note = "Reference text: Andrade, L.H., Alonso, J., Mneimneh, Z., et al. (2014). Barriers to mental health treatment: results from the WHO World Mental Health surveys. Psychological Medicine, 44(6), 1303-1317. Bunting, B.P., Murphy, S.D., O’Neill, S., et al. (2012). Lifetime prevalence of mental health disorders and delay in treatment following initial onset: evidence from the Northern Ireland study of health and stress. Psychological Medicine, 42(8), 1727-1739. Bunting, B.P., Murphy, S.D., O’Neill, S., et al. (2013). Prevalence and treatment of 12 month DMS-IV disorders in the Northern Ireland study of health and stress. Social Psychiatry and Psychiatric Epidemiology, 48(1), 81-93. Corcocran, P., Griffin, E., Arensman, E., et al. (2015). Impact of the economic recession and subsequent austerity on suicide and self-harm in Ireland: an interrupted time series analysis. International Journal of Epidemiology, 44(3), 969-977. De Leo, D., Draper, B.M., Snowdon, J. et al. (2013). Suicides in older adults: a case-control psychological autopsy study in Australia. Journal of Psychiatric Research, 47(7), 980-988. Fassberg, M.M., Cheung, G., Canetto, S.S., et al. (2016). A systematic review of physical illness, functional disability, and suicidal behaviour among older adults. Aging and Mental Health, 20(2), 166-194 Foster, T., Gillespie, K., McClelland, R. (1997). Mental disorders and suicide in Northern Ireland. British Journal of Psychiatry, 170, 447–452. Joiner, T.E., 2005. Why People Die by Suicide. Harvard University Press, Cambridge, MA. Kennelly, B. (2007). The economic cost of suicide in Ireland. Crisis, 28, 89-94 Klonsky, E.D., & May, A.M., (2014). Differentiating suicide attempters from suicide ideators: a critical frontier for suicidology research. Suicide and Life-Threatening Behaviour, 1, 1–5. Koo, Y.W., K{\~o}lves, K.., De Leo, D. (2016). Suicide in older adults: a comparison with middle-aged adults using the Queensland Suicide Register. International Psychogeriatrics., 17, 1-12. Martin-Carrasco, M., Evans-Lacko, S., Dom, G., et al. (2016). EPA guidance on mental health and economic crises in Europe. European Archives of Psychiatry and Clinical Neuroscience, 266(2), 89-124. National Confidential Inquiry (2016). National confidential inquiry into suicide and homicide by people with mental illness. Retrieved from: http://www.bbmh.manchester.ac.uk/cmhs/research/centreforsuicideprevention/nci/reports/NCISHReport2015bookmarked.pdf Northern Ireland Statistics and Research Agency Suicide Deaths (2014). Retrieved from: 〈http://www. nisra.gov.uk/demography/default.asp31.htm〉. Nock, M.K., Borges, G., Bromet, E.J., et al. (2008). Cross-national prevalence and risk factors for suicidal ideation, plans and attempts. British Journal of Psychiatry, 192(2), 98-105. Nock, M.K., Hwang, I., Sampson, N.A. et al. (2010). Mental disorders, comorbidity and suicidal behavior: results from the National Comorbidity Survey Replication. Molecular Psychiatry, 15(8), 868-876. Nock, M. K. and Prinstein, M.J. (2004). A functional approach to the assessment of self-mutilative behaviour. Journal of Consulting and Clinical Psychology, 114(1), 140-146. O’Connor, R.C. (2011). The integrated motivational-volitional model of suicidal behaviour. Crisis, 32(6), 295–298. O’Connor, R.C., Rasmussen, S., & Hawton, K. (2014). Adolescent self-harm: a school-based study in Northern Ireland. Journal of Affective Disorders, 159, 46-52. O’Connor, R.C., & Nock, M.K. (2014). The psychology of suicidal behaviour. Lancet Psychiatry, 1, 73-85. O’Neill, S., Ferry, F., Murphy, S., et al. (2014a). Patterns of behaviour in Northern Ireland and associations with conflict related trauma. PlosOne, 9(3), e91532. O’Neill, S., Corry, C.V., Murphy, S., et al., (2014b). Characteristics of death by suicide in Northern Ireland from 2005 to 2011 and use of health services prior to death. Journal of Affective Disorders, 168, 466-471. O’Neill, S., Armour, C., Bolton, D., et al. (2015). Towards A Better Future: The Trans-generational Impact of the Troubles on Mental Health. Commission for Victims and Survivors; Belfast, N. Ireland. O’Neill, S., Corry, C., McFeeters, D., et al. (2016). Suicide in Northern Ireland: an analysis of gender differences in demographic, psychological and contextual factors. Crisis-The Journal of Crisis Intervention and Suicide, 37(1), 13-20. Rodway, C., Tham, S.G., Ibrahim, S., Turnbull, P., Windfuhr, W., Shaw, J., Kapur, N., & Appleby, L. (inpress). Suicide in children and young people in England: a consecutive case series. The Lancet Psychiatry, in press. Snowcroft, E. (2013).Samaritans Suicide Statistics Report 2013. Data for 2009–2011. Samaritans. Retrieved from: 〈http://www.samaritans.org/sites/default/files/kcfinder/files/research/ Samaritans{\%}20Suicide{\%}20Statistics{\%}20Report{\%}202013.pdf〉 (accessed21.04.14). Stanley, I.H., Hom, M.A., Rogers, M.L., et al. (2016). Understanding suicide among older adults: a review of psychological and sociological theories of suicide. Aging and Mental Health, 20(2), 113-122. Tomlinson, M. (2012). War, peace and suicide: the case of Northern Ireland. International Sociology, 27, 464. World Health Organisation (WHO) (2014). Preventing suicide; a global imperative. Retrieved from: http://www.who.int/mental_health/suicide-prevention/world_report_2014/en/",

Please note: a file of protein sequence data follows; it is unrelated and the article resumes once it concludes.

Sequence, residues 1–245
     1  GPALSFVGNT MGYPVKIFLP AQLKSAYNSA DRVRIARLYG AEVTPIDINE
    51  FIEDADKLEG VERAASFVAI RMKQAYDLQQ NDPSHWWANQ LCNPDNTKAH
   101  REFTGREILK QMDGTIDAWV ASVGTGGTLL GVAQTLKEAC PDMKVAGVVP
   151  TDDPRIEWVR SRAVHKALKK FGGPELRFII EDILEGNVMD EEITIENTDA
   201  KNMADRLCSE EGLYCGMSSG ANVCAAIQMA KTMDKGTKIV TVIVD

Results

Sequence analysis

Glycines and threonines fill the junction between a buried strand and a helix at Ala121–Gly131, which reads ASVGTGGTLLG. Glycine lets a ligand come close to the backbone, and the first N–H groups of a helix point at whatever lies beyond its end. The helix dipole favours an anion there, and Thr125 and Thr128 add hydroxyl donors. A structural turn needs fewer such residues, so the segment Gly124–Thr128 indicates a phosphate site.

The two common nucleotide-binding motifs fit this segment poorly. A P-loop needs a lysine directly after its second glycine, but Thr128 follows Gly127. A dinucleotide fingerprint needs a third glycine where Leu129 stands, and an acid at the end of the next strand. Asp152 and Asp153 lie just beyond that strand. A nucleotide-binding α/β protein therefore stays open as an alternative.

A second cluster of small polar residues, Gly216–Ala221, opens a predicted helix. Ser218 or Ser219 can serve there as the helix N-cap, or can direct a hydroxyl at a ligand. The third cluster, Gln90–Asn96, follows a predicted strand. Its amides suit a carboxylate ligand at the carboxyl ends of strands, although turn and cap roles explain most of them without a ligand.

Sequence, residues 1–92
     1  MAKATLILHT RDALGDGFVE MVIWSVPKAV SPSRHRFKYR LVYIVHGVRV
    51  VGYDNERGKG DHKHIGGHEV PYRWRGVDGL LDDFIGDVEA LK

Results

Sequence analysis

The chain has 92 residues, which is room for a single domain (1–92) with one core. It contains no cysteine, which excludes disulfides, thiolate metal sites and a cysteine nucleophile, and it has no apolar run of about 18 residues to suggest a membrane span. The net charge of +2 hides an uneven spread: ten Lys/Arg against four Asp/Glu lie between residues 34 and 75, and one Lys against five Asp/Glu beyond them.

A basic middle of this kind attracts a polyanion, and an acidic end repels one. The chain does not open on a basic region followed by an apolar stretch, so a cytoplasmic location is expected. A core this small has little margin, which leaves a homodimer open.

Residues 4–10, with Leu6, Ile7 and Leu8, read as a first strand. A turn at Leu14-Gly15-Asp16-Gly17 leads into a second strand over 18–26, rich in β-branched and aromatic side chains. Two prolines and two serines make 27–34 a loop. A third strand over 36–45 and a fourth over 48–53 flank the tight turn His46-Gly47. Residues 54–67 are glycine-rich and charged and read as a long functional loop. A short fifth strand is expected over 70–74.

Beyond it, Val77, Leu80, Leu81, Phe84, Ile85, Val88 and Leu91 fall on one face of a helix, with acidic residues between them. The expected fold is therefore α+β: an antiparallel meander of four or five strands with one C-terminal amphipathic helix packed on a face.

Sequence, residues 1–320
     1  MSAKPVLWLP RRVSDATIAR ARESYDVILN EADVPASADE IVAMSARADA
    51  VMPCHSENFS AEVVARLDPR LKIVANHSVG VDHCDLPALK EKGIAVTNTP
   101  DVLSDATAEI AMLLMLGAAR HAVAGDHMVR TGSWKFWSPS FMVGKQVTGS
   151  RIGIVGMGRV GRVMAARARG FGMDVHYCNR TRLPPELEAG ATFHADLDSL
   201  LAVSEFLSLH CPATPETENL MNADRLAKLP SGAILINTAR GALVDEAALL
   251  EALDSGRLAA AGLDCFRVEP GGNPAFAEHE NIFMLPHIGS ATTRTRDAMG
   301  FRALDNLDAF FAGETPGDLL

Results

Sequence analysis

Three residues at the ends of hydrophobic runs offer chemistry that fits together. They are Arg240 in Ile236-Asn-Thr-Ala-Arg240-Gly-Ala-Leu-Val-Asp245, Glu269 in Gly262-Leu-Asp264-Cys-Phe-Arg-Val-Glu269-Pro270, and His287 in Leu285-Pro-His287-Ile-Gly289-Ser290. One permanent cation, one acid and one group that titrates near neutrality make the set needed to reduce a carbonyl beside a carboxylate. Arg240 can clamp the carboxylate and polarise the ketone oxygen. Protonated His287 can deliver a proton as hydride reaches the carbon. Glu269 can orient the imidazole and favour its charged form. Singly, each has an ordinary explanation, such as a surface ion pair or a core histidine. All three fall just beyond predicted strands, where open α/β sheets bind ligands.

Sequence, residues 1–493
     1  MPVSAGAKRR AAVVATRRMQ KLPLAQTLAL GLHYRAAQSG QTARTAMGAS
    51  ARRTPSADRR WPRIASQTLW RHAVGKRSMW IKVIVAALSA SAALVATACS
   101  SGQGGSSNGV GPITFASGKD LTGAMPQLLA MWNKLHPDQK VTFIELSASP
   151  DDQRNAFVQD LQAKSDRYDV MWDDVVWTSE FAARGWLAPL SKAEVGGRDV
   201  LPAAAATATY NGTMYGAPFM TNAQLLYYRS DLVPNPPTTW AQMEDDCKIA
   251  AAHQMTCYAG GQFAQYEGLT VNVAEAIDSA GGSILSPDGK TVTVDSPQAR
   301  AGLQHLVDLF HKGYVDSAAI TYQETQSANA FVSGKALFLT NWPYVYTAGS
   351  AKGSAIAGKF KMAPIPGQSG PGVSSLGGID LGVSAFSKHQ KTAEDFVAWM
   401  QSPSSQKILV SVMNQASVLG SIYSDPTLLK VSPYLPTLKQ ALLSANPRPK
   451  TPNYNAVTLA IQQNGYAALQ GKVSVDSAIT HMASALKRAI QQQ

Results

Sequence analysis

year = "2018",